Blacktail Butte is a sage- and tree-covered peak in the Jackson Hole portion of Grand Teton National Park. I’m not positive it’s technically part of the Mount Leidy Highlands, but it for certain is not in the Teton Range, and I’ve attached it to the former because of its proximity and because it resembles that region in character.
This little peak has good views from its lower summit (trees cover the higher summit). The views include the Mount Leidy Highlands, the northern end of the Gros Ventre Range, and the southern portion of the Teton Range. The Teton views aren’t any different than those from the road except for being higher up, but it is more enjoyable to see the peaks from the position of solitude up here than it is from the crowded pullouts along the park road below. The reason I haven’t posted any pictures of those Teton views is that it was overcast the morning I headed up and all the Teton pictures I got were pretty ugly.
This is not going to be the big destination of the day for most people, but it has its appeal. It can be a good day hiking objective during months when snow and ice bar easy access to the Tetons, it can be something fairly quick and easy to do after work, or it can be a nice choice on a rest day. When I hiked up, I had just gone hard for eleven straight days and felt I could use an easy day before resuming the rigors of the high peaks.
What I liked best about the hike on an early-July day were all the wildflowers. There was a pleasant mix of montane and prairie blooms on the peak.
There are a lot of ways one could approach Blacktail Butte. The route I used, and the one I describe here, seems to be the shortest.
Because it was a short hike, I did not bother to make a GPS track. Based on the time it took me, I estimate that the route to the summit is between two and three miles, closer to two. The elevation gain is around 1000’.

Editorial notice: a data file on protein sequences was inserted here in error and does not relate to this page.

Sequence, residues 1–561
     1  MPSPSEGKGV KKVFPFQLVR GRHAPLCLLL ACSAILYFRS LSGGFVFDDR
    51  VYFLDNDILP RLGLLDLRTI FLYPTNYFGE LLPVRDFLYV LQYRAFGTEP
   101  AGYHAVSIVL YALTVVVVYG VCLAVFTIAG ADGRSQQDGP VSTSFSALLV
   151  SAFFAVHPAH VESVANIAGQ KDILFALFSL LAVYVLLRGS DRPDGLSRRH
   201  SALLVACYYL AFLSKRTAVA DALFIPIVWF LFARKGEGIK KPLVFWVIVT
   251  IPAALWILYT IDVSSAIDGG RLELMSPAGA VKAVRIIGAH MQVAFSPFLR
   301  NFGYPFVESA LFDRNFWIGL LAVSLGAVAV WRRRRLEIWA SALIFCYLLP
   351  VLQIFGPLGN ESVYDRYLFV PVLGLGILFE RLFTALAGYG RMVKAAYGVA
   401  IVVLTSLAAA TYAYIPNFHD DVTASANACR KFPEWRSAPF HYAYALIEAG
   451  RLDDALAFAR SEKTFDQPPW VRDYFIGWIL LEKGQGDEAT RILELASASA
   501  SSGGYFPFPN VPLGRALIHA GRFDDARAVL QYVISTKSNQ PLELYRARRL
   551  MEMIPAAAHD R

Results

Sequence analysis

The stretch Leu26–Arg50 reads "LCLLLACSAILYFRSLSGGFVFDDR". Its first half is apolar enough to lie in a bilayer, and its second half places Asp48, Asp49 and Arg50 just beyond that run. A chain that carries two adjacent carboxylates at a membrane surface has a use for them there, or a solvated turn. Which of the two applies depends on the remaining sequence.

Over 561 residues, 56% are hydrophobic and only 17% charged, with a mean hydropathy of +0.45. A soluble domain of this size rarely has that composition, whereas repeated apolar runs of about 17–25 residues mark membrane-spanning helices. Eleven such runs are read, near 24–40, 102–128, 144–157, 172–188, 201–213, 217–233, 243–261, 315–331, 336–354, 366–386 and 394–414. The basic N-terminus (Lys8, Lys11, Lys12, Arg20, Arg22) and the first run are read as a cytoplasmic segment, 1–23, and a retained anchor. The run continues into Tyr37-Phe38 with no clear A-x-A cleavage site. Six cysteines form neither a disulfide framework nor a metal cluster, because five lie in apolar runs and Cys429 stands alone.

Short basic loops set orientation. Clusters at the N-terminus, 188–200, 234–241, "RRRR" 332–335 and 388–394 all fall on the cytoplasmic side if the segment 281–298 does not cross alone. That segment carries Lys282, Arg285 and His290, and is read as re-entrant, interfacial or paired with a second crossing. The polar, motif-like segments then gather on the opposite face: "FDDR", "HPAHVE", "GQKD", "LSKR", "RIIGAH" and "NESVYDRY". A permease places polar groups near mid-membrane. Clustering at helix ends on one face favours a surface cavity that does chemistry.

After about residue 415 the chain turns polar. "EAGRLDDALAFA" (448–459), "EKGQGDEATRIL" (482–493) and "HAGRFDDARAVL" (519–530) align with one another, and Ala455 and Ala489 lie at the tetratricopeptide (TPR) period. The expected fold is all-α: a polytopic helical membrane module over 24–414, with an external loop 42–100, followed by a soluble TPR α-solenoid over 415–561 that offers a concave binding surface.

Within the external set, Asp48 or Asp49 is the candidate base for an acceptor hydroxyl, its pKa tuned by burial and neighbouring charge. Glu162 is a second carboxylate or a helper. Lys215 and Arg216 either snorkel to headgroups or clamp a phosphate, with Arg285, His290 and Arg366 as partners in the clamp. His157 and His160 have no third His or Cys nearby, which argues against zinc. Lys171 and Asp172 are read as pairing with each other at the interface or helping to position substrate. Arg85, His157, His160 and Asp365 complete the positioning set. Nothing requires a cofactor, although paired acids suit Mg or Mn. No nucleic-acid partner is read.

Purely by accident, while searching for climbing information on some crags along the North Fork Shoshone River, I discovered that Blacktail Butte is a popular location for challenging moderate and difficult sport climbs. Apparently, there is a near-vertical limestone wall somewhere by the northwestern corner of the butte. I don't know how many times I have driven by here and not even noticed that wall!
Anyway, it is beyond the scope of this page as present to document the climbing routes and conditions, but information is available at the Blacktail Butte pages on Mountain Project and rockclimbing.com.
It would be great if someone with experience on these walls would do some documentation here so I can remove to links to SP's competition!
Getting There and "Climbing" InformationNorthern approach: From the main park road, turn onto Antelope Flats Road just south of the Blacktail Ponds Pullout. Drive east for approximately two miles and turn right onto Mormon Row, a dirt road passable to regular vehicles. Drive south for about three miles and find a parking area on the right. Along the way, you will pass some historic buildings and some privately owned buildings and land.
South Approach: At Gros Ventre Junction, which is shortly after a bridged crossing of the Gros Ventre River, turn right from the main park road onto Gros Ventre Road. Drive about five miles to Gros Ventre Campground. About half a mile past the campground, turn left onto Mormon Row. The parking are isn’t even a quarter-mile up the road.
The hike: From the parking area, follow a trail to the base of the butte, and then find a trail climbing steeply up the ridges. Maps show a trail following a drainage up to a saddle east of the summit, but the trail I used stuck more to ridges than it did to any drainages. Regardless, the trail took me to a meadow area east of the summit and then vanished. I hiked across the meadow and into the trees in the direction of the summit and found a trail leading south; this trail is definitely not on the maps. The trail did not reach the actual summit but instead continued south, and from it I made a very short cross-country hike up to an open summit at 7600’, where I found the best views of the outing. Instead of retracing my route, I headed cross country south and east until I reached the sagebrush flats and returned to my car.
Red TapeBecause you do not have to pass through any entrance stations to get here, you are not responsible for paying the $25 park entry fee. However, other park regulations still apply, and you should check here on the park’s website to know what they are.
You will usually see bison out here. Keep at least 100 yards away from bison as much as possible; they can be dangerous and have trampled and gored people before.